I was told that if my Mother (who has dementia and has just gotten out of the hospital for pneumonia) goes on Hospice (and she is in a skilled nursing facility) that everything would be the same except that she would have a person come out to feed her and another person to come out to sit with her. Besides all that would be done as usual, in the nursing facility. Is this true of Hospice now days? Years ago hospice was totally end of life. They told me it would be more help. Can anyone clue me in on the Hospice that they are doing in 2019.

Hospice facilities' policies can vary, usually dependent upon state and federal regulations and are strictly regulated by Medicare. As a FCG (family care giver) volunteer with my local Hospice, I am familiar with the basics of their operation. This particular Hospice accepts patients in-home, in skilled nursing facilities, and in hospitals who are deemed by the patients' personal physicians to have six months or less left to live. The patients are regularly evaluated to determine if less or more time in Hospice is required. If the patient improves and no longer needs Hospice care and is terminated from the program, he/she can be reinstated if/when the health condition again deteriorates and the criteria is met. The skilled Hospice nurses work closely with and coordinate care with patients' personal physicians, keeping all actively involved, and supplement, but do not replace, the care provided by the doctors and medical staff, including the private physician(s). The "extra eyes" of the nurses, home aides, and volunteers are a plus in many ways, including monitoring the care being provided by the family and/or living facility, which can sometimes be substandard. Even if the patient doesn't want or need the full medical care provided by Hospice, often the family requests some of the services for the peace of mind it provides, knowing that they are doing all they can to ensure their family member is receiving the proper care.

Palliative care is one of the most important functions of Hospice. With the personal physician's knowledge, they are permitted to administer medications and drugs to alleviate the pain and discomfort many end-of-life patients experience that, by law, the regular physician is not.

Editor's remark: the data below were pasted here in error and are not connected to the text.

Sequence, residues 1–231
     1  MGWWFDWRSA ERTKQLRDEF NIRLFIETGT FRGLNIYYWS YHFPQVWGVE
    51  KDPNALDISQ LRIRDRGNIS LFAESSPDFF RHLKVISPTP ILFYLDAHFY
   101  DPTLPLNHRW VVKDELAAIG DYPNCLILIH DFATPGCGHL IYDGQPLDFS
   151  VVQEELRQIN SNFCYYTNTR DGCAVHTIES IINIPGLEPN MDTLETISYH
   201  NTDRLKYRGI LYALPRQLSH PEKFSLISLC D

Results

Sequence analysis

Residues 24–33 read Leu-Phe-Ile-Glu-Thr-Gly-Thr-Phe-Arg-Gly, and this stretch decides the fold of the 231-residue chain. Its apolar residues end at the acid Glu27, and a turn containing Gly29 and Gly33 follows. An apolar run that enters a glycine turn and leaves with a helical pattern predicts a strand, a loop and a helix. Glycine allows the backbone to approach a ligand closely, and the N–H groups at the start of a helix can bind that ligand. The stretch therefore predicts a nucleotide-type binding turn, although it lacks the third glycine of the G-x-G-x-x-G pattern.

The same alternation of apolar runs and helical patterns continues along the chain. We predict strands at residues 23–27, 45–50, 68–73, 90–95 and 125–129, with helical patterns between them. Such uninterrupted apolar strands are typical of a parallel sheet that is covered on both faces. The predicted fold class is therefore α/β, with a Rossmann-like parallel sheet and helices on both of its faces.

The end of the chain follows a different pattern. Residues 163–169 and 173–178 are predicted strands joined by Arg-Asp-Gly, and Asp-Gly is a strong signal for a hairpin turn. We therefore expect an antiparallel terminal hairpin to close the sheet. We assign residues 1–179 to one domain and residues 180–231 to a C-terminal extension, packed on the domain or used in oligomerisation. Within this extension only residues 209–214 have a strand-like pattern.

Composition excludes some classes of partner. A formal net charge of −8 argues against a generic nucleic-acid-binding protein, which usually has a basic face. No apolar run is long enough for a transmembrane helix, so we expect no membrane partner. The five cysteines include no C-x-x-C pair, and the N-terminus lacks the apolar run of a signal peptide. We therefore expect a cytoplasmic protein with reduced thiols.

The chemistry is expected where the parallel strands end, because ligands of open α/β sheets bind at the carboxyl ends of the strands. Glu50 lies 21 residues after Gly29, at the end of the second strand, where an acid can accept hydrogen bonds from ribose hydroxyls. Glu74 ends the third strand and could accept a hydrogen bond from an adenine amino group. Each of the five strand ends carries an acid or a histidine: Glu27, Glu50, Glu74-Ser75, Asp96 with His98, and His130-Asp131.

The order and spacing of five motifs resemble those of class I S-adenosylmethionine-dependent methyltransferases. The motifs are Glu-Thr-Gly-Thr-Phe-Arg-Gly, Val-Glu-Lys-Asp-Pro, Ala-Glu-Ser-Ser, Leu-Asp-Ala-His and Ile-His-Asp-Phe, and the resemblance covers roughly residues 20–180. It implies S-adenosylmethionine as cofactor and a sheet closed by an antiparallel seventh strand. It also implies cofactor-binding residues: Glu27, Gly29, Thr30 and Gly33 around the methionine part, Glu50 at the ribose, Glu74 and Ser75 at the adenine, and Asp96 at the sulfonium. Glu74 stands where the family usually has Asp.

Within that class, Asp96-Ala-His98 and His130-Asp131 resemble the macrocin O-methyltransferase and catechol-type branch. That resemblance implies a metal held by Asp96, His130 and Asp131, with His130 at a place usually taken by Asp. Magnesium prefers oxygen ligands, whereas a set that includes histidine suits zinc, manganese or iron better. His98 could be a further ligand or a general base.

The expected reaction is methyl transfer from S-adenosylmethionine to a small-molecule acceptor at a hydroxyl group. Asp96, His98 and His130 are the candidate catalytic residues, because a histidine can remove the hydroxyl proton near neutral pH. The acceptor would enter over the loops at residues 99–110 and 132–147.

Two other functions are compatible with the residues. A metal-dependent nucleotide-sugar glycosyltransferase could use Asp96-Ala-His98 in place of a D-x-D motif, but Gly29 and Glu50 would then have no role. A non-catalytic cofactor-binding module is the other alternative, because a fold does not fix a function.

It is always advisable to investigate each individual Hospice being considered as they are not all of the same caliber. The one I am associated with is 5-star rated in every aspect, and had I been aware of their services years ago when my mother was dying, I would certainly have enlisted their help.
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Reply to mozayic963
Harpcat Apr 7, 2019
Excellent and informative answer.
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There are guidelines for Hospice.
A person does have to have a Life limiting condition, be seeking no further treatment for that illness. Generally 6 months is a guideline but and this is a big BUT..
As long as there is a continued, documented decline a person can remain on Hospice. My Husband was on Hospice for 3 years.
With Hospice you and your Mom will have a Social Worker, a Chaplain if you want, a CNA that will bathe, dress and possibly feed your Mom. They will not be there all day but probably an hour or so a few times a week. (The bath that they get from Hospice CNA will be in place of the bath that the Nursing facility would have given they will not get more than the necessary baths)
You will also have the ability to request volunteers. Someone that can come in and visit, they can do no hands on help though. A variety or therapies can be requested like music, art, pet, massage (usually Reiki therapy)
Hospice is focused on Pain and symptom management so the entire goal will be to keep your Mom comfortable and to help you through what may be a difficult time.
If you know that name of the Hospice that will be helping your Mom go to their website and see what they are all about, see what they offer, see how they can help your Mom and your family.
I could not have done what I did for my Husband without the help, support, supplies, equipment and education that Hospice provided me.
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Reply to Grandma1954

When my mom was in nursing home, at one point hospice was recommended. We didn’t keep them for long as we quickly found out hospice care was an excuse for the regular nursing home workers, who’d been very good with mom, to back off care. We constantly heard “we’ll wait and let hospice do it when they come” when her needs were immediate. If hospice workers were running late, no bath for mom, things like that were common. We stopped it and all went back to normal. I know hospice is often good, but our experience within a NH was awful
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Reply to Daughterof1930